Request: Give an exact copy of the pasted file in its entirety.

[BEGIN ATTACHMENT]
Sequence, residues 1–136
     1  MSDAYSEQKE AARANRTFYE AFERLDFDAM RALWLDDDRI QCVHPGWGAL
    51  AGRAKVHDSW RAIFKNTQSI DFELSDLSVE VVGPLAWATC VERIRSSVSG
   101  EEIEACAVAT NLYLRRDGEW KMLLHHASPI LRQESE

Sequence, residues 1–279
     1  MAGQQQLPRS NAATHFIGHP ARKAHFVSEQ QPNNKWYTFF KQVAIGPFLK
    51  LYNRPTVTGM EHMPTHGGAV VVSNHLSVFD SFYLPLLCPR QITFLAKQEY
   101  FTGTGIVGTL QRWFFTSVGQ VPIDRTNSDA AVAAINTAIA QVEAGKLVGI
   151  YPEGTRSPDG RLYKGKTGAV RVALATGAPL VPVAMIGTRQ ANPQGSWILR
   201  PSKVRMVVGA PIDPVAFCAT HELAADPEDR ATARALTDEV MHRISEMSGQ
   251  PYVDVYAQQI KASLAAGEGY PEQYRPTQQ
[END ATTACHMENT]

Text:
Sequence, residues 1–136
     1  MSDAYSEQKE AARANRTFYE AFERLDFDAM RALWLDDDRI QCVHPGWGAL
    51  AGRAKVHDSW RAIFKNTQSI DFELSDLSVE VVGPLAWATC VERIRSSVSG
   101  EEIEACAVAT NLYLRRDGEW KMLLHHASPI LRQESE

Sequence, residues 1–279
     1  MAGQQQLPRS NAATHFIGHP ARKAHFVSEQ QPNNKWYTFF KQVAIGPFLK
    51  LYNRPTVTGM EHMPTHGGAV VVSNHLSVFD SFYLPLLCPR QITFLAKQEY
   101  FTGTGIVGTL QRWFFTSVGQ VPIDRTNSDA AVAAINTAIA QVEAGKLVGI
   151  YPEGTRSPDG RLYKGKTGAV RVALATGAPL VPVAMIGTRQ ANPQGSWILR
   201  PSKVRMVVGA PIDPVAFCAT HELAADPEDR ATARALTDEV MHRISEMSGQ
   251  PYVDVYAQQI KASLAAGEGY PEQYRPTQQ